CANADA FX DEBT-C$ ends 2 cents lower as Europe fears dominate
* C$ ends at C$1.0188 vs US$ or 98.15 US cents
* Risk-off trade follows Greek referendum move
* Eye on Fed, Bernanke on Wednesday
* Bond prices rally across the curve
By Andrea Hopkins
TORONTO, Nov 1 (Reuters) - The Canadian dollar tumbled more than two cents against the U.S. dollar on Tuesday to end below parity as fears over the euro-zone debt crisis and the collapse of broker-dealer MF Global darkened the outlook for the global economy.
Global stocks and the euro took a beating after the Greek government's surprise call for a referendum on the latest euro zone bailout deal rekindled fears the country could face an imminent default. [MKTS/GLOB]
"That certainly put a lot more caution into the market and so we've seen a pretty dramatic flight into safe-haven assets. You see the U.S. 10 years (Treasuries) below 2 percent and a weaker Canadian dollar as a consequence," said David Tulk, chief Canada macro strategist at TD Securities.
The Greek government also faces a parliamentary confidence vote on Friday.
The Canadian dollar CAD=D3 ended the North American session at C$1.0188 versus the greenback, or 98.15 U.S. cents, down from Monday's North American session finish of C$0.9967 to the U.S. dollar, or $1.0033.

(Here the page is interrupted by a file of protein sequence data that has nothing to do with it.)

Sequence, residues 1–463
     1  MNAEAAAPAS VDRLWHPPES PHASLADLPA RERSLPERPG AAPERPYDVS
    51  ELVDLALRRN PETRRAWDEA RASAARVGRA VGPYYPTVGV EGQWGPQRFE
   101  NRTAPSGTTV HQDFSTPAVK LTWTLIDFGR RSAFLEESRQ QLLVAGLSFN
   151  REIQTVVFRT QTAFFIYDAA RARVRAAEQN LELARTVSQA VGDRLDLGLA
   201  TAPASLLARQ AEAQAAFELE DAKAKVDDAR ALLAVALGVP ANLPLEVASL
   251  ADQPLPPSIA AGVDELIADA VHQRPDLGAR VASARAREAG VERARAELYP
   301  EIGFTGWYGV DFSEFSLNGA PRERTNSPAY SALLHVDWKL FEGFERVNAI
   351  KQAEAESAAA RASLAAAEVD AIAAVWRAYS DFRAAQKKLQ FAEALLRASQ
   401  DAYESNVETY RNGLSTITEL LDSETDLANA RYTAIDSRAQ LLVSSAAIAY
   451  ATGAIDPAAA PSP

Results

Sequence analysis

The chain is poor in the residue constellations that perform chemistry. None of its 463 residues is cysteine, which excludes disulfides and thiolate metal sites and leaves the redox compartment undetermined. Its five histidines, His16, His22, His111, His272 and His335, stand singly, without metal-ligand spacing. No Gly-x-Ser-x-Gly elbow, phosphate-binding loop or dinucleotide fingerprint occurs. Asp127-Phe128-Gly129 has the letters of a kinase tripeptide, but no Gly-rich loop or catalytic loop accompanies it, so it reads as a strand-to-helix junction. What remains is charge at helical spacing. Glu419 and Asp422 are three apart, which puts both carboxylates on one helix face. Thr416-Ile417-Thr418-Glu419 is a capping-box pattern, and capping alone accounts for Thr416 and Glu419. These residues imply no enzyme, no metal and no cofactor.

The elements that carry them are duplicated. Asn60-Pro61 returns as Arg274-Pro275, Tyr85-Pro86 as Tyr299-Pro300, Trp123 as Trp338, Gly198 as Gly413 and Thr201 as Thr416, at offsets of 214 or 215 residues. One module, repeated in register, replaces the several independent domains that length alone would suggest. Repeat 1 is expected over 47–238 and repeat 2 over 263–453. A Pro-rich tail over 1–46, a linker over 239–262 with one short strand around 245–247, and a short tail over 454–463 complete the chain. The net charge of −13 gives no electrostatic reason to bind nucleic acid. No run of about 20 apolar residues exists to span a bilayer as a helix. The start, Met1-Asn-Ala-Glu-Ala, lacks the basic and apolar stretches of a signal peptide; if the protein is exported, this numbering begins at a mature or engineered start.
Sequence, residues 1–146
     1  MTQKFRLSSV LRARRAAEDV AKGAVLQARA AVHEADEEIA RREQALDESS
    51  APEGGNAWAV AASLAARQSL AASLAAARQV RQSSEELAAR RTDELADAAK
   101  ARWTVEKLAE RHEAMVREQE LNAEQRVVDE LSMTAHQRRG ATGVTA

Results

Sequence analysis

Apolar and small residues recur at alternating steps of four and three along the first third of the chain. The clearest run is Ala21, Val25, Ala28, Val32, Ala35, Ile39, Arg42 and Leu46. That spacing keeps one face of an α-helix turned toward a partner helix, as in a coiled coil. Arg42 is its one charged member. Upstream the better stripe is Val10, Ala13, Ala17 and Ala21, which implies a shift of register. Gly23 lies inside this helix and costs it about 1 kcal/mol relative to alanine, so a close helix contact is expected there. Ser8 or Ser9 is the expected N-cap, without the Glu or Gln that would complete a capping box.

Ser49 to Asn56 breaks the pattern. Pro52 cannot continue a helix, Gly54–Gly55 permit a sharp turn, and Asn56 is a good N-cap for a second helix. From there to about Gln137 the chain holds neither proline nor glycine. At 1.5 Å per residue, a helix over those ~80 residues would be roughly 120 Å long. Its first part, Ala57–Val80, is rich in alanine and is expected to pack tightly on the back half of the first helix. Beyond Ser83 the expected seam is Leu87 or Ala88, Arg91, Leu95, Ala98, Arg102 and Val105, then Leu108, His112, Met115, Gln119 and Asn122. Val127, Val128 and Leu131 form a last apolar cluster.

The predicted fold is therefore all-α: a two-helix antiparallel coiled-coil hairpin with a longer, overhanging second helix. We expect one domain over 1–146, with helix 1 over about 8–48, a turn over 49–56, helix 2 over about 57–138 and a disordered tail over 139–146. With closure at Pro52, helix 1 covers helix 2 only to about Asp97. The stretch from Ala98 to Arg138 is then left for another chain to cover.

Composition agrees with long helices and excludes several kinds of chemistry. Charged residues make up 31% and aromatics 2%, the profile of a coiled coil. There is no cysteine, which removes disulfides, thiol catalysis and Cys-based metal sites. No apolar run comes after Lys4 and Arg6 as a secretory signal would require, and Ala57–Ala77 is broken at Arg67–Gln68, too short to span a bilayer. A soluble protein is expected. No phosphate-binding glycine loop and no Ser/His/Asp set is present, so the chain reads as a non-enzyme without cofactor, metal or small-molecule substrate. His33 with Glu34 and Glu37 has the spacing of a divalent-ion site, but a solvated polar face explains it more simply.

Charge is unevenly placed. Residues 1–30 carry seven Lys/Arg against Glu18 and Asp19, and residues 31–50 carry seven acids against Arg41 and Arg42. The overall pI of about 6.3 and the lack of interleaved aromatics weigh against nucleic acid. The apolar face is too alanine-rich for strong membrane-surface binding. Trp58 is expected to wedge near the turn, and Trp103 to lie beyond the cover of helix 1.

Early in the session it sank to C$1.0208, or 97.96 U.S. cents, more than two cents lower than Monday's close and its weakest level in a week.
Investor appetite for risk was also undermined by data showing an unexpected slowdown in Chinese and U.S. manufacturing, as well as Monday's news of the bankruptcy of U.S. futures broker MF Global Holdings MF.N.
"All the things that could go wrong for CAD are going wrong at the same time here," said Camilla Sutton, chief currency strategist at Scotia Capital.
Tulk said it was anyone's guess where the currency will go in the short term as fundamentals related to the Canadian dollar and the parity benchmark took a backseat to global headlines that drive investors to and from risky assets.
"Some of the traditional psychology around parity is no longer as applicable. It seems we're quite happy to trade through that based on developments," Tulk said.
"Now that we're looking at this confidence vote in Greece followed by a potential referendum, I think we're stuck with more volatility basically through to the end of the year."
The days immediately ahead are also full of risk, with market attention on what the U.S. Federal Reserve will say on Wednesday.
The Fed could begin to prepare financial markets for further monetary easing at the conclusion of a two-day meeting that began on Tuesday, even if it refrains from any new stimulus just yet. Fed Chairman Ben Bernanke will hold a news conference following the conclusion of the meeting. [FED/AHEAD]
"The Federal Reserve is in a position now where they are watching a very slow anemic recovery and trying to provide the right sort of background for growth," Tulk said.
Canadian government bond prices rallied across the curve, following U.S. Treasuries higher as investors scurried for safer investments. [US/]
The two-year bond CA2YT=RR rose 15 Canadian cents to yield 0.922 percent, while the 10-year bond CA10YT=RR climbed C$1.25 Canadian cents to yield 2.146 percent. (Additional reporting by Claire Sibonney; editing by Peter Galloway)
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